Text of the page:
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Exodus 9:29

    Exodus 9:29 Translations

    King James Version (KJV)

    And Moses said unto him, As soon as I am gone out of the city, I will spread abroad my hands unto the LORD; and the thunder shall cease, neither shall there be any more hail; that thou mayest know how that the earth is the LORD's.

    American King James Version (AKJV)

    And Moses said to him, As soon as I am gone out of the city, I will spread abroad my hands to the LORD; and the thunder shall cease, neither shall there be any more hail; that you may know how that the earth is the LORD's.

    American Standard Version (ASV)

    And Moses said unto him, As soon as I am gone out of the city, I will spread abroad my hands unto Jehovah; the thunders shall cease, neither shall there be any more hail; that thou mayest know that the earth is Jehovah's.

    Basic English Translation (BBE)

    And Moses said, When I am gone outside the town, my hands will be stretched out to the Lord; the thunders and the ice-storm will come to an end, so that you may see that the earth is the Lord's.

    Webster's Revision

    And Moses said unto him, As soon as I am gone out of the city, I will spread abroad my hands unto Jehovah; the thunders shall cease, neither shall there be any more hail; that thou mayest know that the earth is Jehovah's.

    World English Bible

    Moses said to him, "As soon as I have gone out of the city, I will spread abroad my hands to Yahweh. The thunders shall cease, neither shall there be any more hail; that you may know that the earth is Yahweh's.

    English Revised Version (ERV)

    And Moses said unto him, As soon as I am gone out of the city, I will spread abroad my hands unto the LORD; the thunders shall cease, neither shall there be any more hail; that thou mayest know that the earth is the LORD'S.

    Definitions for Exodus 9:29

    Hail - A greeting of joy and peace.

    Clarke's Commentary on Exodus 9:29

    I will spread abroad my hands - That is, I will make supplication to God that he may remove this plague. This may not be an improper place to make some observations on the ancient manner of approaching the Divine Being in prayer. Kneeling down, stretching out the hands, and lifting them up to heaven, were in frequent use among the Hebrews in their religious worship. Solomon kneeled down on his knees, and spread forth his hands to heaven; 2 Chronicles 6:13. So David, Psalm 143:6 : I stretch forth my hands unto thee. So Ezra: I fell upon my knees, and spread out my hands unto the Lord my God; Ezra 9:5. See also Job JObadiah 11:13 : If thou prepare thine heart, and stretch out thy hands towards him. Most nations who pretended to any kind of worship made use of the same means in approaching the objects of their adoration, viz., kneeling down and stretching out their hands; which custom it is very likely they borrowed from the people of God. Kneeling was ever considered to be the proper posture of supplication, as it expresses humility, contrition, and subjection. If the person to whom the supplication was addressed was within reach, the supplicant caught him by the knees; for as among the ancients the forehead was consecrated to genius, the ear to memory, and the right hand to faith, so the knees were consecrated to mercy. Hence those who entreated favor fell at and caught hold of the knees of the person whose kindness they supplicated. This mode of supplication is particularly referred to in the following passages in Homer: -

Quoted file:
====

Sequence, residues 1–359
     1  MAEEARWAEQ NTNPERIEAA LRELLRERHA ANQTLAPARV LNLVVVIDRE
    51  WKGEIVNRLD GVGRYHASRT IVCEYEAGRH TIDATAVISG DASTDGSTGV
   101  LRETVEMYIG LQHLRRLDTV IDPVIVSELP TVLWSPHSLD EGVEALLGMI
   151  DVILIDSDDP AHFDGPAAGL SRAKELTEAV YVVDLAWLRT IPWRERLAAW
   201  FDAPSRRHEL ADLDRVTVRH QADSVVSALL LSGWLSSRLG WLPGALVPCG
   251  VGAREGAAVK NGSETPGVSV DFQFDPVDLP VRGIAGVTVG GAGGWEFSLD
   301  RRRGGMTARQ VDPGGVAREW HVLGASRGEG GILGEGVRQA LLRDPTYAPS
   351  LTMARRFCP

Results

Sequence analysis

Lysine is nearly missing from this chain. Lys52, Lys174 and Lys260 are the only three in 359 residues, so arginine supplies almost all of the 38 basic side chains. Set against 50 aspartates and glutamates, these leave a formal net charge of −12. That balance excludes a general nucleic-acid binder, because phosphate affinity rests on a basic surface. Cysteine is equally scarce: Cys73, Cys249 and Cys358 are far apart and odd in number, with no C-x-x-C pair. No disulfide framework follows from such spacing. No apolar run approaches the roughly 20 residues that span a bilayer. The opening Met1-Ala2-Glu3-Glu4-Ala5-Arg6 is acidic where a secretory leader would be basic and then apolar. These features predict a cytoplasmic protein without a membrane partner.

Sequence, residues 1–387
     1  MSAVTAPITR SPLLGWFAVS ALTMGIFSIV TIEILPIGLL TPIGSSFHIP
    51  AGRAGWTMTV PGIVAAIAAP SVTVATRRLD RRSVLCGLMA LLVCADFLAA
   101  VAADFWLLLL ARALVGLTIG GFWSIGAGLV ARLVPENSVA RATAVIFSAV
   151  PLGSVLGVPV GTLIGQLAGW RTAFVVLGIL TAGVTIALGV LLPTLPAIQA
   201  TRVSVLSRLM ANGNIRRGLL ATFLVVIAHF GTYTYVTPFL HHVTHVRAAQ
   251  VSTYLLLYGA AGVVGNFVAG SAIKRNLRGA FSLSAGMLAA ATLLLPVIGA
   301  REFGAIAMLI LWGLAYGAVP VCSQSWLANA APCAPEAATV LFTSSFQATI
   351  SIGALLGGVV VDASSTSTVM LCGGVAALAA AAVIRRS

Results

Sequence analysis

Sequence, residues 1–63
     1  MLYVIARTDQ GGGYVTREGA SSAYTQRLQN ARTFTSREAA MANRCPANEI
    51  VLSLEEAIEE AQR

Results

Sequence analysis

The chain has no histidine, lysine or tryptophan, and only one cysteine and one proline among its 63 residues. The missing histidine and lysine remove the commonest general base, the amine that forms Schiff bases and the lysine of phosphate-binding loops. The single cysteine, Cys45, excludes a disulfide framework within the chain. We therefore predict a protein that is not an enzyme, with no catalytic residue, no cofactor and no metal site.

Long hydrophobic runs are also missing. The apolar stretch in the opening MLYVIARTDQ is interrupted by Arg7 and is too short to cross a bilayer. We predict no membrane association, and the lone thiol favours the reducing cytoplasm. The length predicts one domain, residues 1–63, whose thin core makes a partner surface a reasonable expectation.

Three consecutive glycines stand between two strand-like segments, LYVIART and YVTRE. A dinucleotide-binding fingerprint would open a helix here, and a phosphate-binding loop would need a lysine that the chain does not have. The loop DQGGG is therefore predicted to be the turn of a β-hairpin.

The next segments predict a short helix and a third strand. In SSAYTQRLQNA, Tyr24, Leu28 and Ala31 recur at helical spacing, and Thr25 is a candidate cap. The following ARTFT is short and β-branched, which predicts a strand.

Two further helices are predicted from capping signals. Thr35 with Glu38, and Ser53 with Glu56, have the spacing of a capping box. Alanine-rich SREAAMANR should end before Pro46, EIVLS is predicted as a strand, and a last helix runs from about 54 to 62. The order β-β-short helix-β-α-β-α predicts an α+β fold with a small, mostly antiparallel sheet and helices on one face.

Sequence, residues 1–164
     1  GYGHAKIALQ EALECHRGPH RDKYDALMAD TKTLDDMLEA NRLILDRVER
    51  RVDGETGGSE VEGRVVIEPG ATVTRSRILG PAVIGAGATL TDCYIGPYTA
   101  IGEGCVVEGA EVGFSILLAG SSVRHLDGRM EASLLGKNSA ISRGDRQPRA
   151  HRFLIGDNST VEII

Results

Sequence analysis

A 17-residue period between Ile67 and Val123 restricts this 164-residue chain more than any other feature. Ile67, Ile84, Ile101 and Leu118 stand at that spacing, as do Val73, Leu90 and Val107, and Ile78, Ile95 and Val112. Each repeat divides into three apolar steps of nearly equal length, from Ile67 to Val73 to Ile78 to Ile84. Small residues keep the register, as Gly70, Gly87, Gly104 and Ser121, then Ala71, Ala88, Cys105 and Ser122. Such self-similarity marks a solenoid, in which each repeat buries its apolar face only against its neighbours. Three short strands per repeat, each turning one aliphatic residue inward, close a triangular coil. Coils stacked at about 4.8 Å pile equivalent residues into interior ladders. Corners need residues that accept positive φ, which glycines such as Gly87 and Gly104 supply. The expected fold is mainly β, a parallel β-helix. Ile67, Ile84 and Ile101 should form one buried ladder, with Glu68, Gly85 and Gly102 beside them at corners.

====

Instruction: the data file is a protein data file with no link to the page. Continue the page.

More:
Των νυν μιν μνησασα παρεζεο, και λαβε γουνων.

    Iliad i., ver. 407.

    Now therefore, of these things reminding Jove,

    Embrace his knees.

    Cowper.

    To which the following answer is made: -

    Και τοτ' επειτα τοι ειμι Διος ποτι χαλκοβατες δω,

    Και μιν γουνασομαι, και μιν πεισεσθαι οΐω.

    Iliad i., ver. 426.

    Then will I to Jove's brazen-floor'd abode, That I may clasp his knees; and much misdeem Of my endeavor, or my prayer shall speed. Id. See the issue of thus addressing Jove, Ibid., ver. 500-502, and ver. 511, etc.

    In the same manner we find our Lord accosted, Matthew 17:14 : There came to him a certain man, kneeling down to him γονυπετων αυτον, falling down at his knees.

    As to the lifting up or stretching out of the hands, (often joined to kneeling), of which we have seen already several instances, and of which we have a very remarkable one in this book, Exodus 17:11, where the lifting up or stretching out of the hands of Moses was the means of Israel's prevailing over Amalek; we find many examples of both in ancient authors. Thus Homer: -

    Εσθλον γαρ Δυ χειρας ανασχεμεν, αι κ' ελεησῃ.

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    Barnes' Notes on Exodus 9:29

    The earth is the Lord's - This declaration has a direct reference to Egyptian superstition. Each god was held to have special power within a given district; Pharaoh had learned that Yahweh was a god, he was now to admit that His power extended over the whole earth. The unity and universality of the divine power, though occasionally recognized in ancient Egyptian documents, were overlaid at a very early period by systems alternating between Polytheism and Pantheism.

    Wesley's Notes on Exodus 9:29

    9:29 The earth - The world, the heaven and the earth.